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Estimation of Anopheline Survival Rate, Vectorial Capacity and Mosquito Infection Probability from Malaria Vector Infection Rates in Villages Near Madang, Papua New Guinea

P. M. Graves, T. R. Burkot, A. J. Saul, R. J. Hayes and R. Carter
Journal of Applied Ecology
Vol. 27, No. 1 (Apr., 1990), pp. 134-147
DOI: 10.2307/2403573
Stable URL: http://www.jstor.org/stable/2403573
Page Count: 14
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Since scans are not currently available to screen readers, please contact JSTOR User Support for access. We'll provide a PDF copy for your screen reader.
Estimation of Anopheline Survival Rate, Vectorial Capacity and Mosquito Infection Probability from Malaria Vector Infection Rates in Villages Near Madang, Papua New Guinea
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Abstract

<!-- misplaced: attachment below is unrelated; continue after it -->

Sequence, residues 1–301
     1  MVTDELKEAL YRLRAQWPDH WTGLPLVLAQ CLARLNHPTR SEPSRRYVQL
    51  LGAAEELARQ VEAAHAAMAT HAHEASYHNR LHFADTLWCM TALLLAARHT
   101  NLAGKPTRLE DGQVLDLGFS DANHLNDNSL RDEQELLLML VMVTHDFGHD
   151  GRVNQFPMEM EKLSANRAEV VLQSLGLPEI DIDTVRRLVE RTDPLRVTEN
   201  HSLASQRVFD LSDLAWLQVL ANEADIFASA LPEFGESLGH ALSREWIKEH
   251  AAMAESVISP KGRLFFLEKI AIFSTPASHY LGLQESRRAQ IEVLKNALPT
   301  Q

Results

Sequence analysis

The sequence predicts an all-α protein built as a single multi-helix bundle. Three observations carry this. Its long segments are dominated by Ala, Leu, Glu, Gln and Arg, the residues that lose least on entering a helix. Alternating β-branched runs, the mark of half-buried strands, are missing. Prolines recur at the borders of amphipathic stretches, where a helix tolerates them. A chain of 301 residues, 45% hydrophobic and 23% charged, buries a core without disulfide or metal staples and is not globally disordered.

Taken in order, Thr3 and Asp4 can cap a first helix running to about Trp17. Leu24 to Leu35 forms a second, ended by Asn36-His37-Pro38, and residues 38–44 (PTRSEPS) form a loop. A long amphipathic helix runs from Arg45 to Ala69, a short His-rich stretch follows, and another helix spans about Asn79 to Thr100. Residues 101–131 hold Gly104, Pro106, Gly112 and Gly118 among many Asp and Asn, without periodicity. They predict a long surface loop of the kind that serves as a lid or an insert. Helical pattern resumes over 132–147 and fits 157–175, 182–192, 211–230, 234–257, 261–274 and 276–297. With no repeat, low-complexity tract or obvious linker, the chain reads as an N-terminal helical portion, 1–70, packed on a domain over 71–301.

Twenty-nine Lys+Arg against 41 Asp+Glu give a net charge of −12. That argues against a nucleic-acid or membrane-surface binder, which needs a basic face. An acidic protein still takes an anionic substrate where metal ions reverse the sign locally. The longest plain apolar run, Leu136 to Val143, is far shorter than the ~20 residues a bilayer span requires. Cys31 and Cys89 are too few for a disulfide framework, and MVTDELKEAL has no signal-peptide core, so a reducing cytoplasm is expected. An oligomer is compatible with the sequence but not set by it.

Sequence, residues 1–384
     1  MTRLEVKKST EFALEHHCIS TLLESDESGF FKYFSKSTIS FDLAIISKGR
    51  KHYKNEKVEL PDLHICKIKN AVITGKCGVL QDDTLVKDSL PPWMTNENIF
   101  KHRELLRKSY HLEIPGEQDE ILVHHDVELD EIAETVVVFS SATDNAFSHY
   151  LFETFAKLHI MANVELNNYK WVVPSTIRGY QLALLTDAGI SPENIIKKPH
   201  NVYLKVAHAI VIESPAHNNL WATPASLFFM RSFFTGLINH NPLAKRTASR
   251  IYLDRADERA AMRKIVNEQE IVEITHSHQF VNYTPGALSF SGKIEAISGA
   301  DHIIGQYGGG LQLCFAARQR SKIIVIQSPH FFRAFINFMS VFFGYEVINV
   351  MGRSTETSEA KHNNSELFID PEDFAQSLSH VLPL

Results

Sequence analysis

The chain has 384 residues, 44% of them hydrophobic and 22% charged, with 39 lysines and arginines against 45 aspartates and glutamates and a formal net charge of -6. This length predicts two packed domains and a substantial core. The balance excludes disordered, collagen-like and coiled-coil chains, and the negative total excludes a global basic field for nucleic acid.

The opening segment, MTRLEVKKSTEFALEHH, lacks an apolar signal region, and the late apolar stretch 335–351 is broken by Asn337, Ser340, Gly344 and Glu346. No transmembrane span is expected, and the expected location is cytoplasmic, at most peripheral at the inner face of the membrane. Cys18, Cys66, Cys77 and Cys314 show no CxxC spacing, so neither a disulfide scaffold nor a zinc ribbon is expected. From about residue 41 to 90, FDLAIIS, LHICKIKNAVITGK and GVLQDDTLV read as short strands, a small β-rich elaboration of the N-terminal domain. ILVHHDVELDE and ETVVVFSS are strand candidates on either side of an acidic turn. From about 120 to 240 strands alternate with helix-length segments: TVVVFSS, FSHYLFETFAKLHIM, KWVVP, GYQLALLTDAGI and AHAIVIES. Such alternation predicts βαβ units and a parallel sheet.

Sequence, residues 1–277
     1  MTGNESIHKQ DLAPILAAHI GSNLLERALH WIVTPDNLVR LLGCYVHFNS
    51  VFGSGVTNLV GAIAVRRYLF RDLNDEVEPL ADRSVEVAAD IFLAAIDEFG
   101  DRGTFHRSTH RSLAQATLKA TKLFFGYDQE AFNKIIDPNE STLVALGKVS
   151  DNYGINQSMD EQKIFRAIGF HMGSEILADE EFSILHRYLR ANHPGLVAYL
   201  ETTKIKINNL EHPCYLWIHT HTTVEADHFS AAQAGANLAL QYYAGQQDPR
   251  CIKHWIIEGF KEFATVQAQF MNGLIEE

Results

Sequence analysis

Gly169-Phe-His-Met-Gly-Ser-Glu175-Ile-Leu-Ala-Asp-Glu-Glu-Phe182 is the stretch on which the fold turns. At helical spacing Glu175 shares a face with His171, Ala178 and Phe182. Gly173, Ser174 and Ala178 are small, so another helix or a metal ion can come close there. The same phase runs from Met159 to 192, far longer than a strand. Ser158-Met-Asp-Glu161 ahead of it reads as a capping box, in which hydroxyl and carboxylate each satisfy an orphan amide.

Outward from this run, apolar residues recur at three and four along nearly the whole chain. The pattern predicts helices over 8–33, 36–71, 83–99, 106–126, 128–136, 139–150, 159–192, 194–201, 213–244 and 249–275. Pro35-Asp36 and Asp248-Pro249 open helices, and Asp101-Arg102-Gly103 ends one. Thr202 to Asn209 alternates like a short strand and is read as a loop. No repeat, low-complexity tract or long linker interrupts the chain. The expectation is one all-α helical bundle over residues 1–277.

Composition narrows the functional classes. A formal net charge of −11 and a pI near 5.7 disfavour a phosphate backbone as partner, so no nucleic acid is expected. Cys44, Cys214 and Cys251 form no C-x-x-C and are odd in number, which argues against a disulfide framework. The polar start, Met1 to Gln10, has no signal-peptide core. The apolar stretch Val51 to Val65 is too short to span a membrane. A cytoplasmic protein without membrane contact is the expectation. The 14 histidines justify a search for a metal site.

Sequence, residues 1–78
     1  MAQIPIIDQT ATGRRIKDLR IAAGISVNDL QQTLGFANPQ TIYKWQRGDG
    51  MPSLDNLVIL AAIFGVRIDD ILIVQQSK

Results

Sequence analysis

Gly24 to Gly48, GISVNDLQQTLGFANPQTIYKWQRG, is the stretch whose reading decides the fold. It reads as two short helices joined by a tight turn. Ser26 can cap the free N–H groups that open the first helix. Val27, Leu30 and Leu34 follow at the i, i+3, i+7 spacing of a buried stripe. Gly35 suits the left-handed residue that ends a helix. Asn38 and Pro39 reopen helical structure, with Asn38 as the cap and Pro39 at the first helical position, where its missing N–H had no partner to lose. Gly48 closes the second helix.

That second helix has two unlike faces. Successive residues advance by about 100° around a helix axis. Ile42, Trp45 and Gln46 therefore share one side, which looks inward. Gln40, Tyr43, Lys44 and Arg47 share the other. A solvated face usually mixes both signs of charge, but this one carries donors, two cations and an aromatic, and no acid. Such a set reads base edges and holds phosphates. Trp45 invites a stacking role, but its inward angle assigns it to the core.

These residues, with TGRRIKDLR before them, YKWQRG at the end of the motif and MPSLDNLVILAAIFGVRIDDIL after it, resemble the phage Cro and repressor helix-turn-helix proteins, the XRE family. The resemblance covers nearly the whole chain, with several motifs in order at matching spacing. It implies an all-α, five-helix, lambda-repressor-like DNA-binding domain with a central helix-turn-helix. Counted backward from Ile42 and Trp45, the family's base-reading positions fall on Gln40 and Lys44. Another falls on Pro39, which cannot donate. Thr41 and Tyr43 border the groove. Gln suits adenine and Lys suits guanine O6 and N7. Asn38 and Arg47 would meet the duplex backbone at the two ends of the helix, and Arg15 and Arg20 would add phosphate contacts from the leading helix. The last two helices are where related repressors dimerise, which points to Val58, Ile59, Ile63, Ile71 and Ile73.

(1) Indices of the intensity of malaria transmission (mosquito survival per feeding cycle, survival per extrinsic incubation period, vectorial capacity and mosquito infection probability) were measured in three villages near Madang, Papua New Guinea, over an 18-month period. (2) The parameters were estimated from mosquito infection rates (sporozoite rates and delayed oocyst rates) and human blood indices from different types of catch using the novel cyclical feeding model of vector transmission of Saul et al. (1990). Approximate variance formulae are given for the estimates from the Saul model, and assessed through a computer simulation study. (3) Estimates of survival through the feeding cycle for the three different species of the Anopheles punctulatus complex in the three villages ranged from 0.580 to 0.608, and were consistent with estimates made over the same period from the mean parous rates. Probability of survival through the extrinsic incubation period was significantly higher for Anopheles punctulatus Donitz in Butelgut village (0.294) than for Anopheles farauti Laveran in Maraga (0.151) or Anopheles koliensis in Mebat (0.171). Individual vectorial capacity was significantly lower for An. farauti in Maraga (0.027) than for An. koliensis in Mebat (0.252) and Butelgut (0.154). (4) The mosquito infection probability for An. koliensis ranged from 0.049 to 0.174, with significant variation between two villages. The infection probability was also higher for this species in Butelgut than for An. punctulatus in the same village.

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